7. Personally, I feel it is foolish to worry about it. Getting HSV is just not the end of the world. Remember, it is quite safe to assume that over half of the people you have ever kissed had HSV-1. Other than avoiding contact when cold sores are present I would not worry - life is too short. EWH
Thanks so much for your prompt and thorough answer. You have definitely helped to set my mind at ease. I have a few follow-up questions from your responses:
4. My understanding is that a suppressive dose of Valtrex significantly reduces asymptomatic shedding and rates of transmission for HSV-2. Even in the absence of studies, but given the similarities of the virus, doesn't it make sense that suppressive Valtrex would reduce asymptomatic shedding and rates of transmission for HSV-1? Is there any reason NOT to take this precaution? Would it cause any harm if my girlfriend took Valtex in the absence of outbreaks?
5. I understand that 1 in 10,000 is just a rough estimate, and I appreciate your sharing it with me, but for clarification purposes: Is that 1 in 10,000 exposures? So if I kiss my girlfriend 100 times in one evening, is that 100 exposures? And does the type of exposure matter, i.e., is the risk of a french kiss similar to the risk of oral sex? If the chance of acquisition is so low, why is HSV-1 so widespread?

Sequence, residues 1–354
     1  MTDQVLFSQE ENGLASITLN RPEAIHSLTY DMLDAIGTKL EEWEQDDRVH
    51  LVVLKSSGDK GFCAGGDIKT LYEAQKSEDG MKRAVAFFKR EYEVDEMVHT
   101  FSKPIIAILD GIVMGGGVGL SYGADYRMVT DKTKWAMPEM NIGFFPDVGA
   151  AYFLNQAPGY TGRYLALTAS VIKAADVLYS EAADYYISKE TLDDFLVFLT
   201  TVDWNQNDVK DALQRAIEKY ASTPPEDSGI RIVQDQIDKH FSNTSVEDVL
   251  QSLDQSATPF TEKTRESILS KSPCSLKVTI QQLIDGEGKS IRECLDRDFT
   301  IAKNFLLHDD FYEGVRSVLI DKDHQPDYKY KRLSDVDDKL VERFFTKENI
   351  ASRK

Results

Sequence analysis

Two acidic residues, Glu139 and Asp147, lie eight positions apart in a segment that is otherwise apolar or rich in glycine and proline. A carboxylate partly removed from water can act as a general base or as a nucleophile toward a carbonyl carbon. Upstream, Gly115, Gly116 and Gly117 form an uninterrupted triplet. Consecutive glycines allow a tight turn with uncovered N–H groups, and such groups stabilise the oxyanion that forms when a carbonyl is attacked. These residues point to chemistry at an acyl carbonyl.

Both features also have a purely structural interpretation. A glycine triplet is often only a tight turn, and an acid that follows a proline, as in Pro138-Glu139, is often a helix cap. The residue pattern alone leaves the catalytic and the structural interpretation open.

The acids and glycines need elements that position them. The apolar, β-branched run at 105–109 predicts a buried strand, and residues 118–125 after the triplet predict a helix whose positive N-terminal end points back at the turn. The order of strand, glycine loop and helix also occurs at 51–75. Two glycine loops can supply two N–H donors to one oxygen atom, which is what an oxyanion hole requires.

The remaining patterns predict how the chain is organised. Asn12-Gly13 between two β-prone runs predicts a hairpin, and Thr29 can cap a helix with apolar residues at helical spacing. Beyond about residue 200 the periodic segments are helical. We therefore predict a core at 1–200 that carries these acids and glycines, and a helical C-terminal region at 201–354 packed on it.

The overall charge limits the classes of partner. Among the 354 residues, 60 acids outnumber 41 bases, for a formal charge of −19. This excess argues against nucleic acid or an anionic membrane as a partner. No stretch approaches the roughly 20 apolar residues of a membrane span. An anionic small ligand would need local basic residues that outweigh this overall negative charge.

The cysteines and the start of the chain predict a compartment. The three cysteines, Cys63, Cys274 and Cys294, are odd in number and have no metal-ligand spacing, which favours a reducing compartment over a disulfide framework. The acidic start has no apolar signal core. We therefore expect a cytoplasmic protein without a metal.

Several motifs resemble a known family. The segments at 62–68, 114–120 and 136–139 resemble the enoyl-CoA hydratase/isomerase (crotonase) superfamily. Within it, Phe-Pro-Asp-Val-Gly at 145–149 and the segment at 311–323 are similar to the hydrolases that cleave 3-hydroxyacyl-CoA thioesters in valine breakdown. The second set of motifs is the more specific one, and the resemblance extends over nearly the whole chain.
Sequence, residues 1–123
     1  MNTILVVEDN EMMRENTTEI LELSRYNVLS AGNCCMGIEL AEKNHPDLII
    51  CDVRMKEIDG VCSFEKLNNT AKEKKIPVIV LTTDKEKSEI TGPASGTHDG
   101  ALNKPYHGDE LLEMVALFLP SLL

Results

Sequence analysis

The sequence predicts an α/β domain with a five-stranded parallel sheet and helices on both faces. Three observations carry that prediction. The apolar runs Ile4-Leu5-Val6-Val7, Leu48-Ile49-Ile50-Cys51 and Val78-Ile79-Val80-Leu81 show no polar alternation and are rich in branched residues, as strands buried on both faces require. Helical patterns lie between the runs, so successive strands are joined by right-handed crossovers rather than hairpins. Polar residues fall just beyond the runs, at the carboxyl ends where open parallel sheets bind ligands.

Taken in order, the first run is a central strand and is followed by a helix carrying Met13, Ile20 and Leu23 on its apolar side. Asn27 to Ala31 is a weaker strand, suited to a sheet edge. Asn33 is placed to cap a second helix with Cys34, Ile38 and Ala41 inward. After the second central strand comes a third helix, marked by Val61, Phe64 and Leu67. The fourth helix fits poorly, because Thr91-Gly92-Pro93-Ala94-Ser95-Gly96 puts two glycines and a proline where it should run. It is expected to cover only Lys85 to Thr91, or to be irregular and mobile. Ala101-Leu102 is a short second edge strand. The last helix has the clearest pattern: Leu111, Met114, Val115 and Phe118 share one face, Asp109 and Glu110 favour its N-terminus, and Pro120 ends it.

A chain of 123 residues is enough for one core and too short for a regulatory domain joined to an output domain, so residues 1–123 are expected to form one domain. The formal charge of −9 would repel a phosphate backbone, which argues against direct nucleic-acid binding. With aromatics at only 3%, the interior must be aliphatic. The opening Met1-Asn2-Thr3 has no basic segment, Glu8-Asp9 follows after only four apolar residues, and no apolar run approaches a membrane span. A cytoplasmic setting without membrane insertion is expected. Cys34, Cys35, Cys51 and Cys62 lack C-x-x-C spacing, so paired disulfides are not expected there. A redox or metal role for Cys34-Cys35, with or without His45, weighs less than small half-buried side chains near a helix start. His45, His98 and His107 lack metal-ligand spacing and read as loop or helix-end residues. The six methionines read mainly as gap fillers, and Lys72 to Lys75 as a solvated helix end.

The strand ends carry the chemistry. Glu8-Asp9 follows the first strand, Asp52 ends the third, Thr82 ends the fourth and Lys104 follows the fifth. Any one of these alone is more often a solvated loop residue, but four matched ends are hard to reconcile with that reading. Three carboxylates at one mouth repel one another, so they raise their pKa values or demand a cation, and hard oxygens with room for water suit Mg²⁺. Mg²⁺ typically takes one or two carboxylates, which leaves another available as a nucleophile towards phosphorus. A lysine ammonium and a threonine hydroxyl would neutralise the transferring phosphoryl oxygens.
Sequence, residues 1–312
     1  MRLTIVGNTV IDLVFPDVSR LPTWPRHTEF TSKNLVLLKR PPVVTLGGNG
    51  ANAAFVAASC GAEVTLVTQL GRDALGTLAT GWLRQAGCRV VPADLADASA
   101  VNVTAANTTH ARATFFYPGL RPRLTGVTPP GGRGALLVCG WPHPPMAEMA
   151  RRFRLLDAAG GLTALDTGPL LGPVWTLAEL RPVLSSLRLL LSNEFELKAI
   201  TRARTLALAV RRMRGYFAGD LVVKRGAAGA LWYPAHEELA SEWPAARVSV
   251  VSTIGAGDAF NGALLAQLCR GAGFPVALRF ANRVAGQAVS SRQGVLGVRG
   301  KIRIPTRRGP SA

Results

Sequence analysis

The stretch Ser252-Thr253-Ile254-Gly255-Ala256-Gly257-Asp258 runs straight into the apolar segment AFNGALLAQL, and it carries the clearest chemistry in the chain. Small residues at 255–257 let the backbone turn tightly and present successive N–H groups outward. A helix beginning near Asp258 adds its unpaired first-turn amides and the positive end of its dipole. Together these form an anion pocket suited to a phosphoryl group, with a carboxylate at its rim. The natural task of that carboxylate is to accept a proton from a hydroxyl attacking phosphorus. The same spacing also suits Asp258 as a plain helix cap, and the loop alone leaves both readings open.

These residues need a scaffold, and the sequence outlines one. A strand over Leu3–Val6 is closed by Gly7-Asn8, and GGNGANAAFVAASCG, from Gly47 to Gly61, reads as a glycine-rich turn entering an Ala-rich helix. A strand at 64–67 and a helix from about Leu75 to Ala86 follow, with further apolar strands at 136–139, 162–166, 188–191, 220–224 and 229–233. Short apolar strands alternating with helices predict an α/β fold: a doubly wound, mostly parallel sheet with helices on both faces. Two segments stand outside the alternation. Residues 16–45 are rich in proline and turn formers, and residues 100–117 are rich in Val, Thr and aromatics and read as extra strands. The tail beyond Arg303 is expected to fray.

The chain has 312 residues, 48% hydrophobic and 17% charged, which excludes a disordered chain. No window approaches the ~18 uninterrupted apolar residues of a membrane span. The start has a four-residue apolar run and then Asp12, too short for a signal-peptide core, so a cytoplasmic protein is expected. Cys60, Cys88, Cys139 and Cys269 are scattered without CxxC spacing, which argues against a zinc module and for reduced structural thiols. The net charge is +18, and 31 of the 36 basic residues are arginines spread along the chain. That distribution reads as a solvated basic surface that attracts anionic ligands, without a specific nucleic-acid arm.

7. I very much appreciate your advice that life is too short to worry about it, but so far I have been unable to shake off a lingering feeling of fear while kissing my girlfriend. I know HSV-1 is not the end of the world, but it seems likely to impede my sex/relationship life in the future if my current relationship doesn't work out. I'm just searching for ways to responsibly minimize the risk in a way that doesn't affect our love life.
Finally, I'm a little confused as to how the virus actually infects the body. Does it need a break in the skin, like a chapped lip? Is the site of an outbreak where the virus enters the body? How does it work with a mucous membrane? If I get infected saliva in my mouth, could I break out anywhere the trigeminal nerve reaches? And how fast does the infection take place? If I kissed an infected person, but then washed up with soap, could that kill the virus before it can infect me?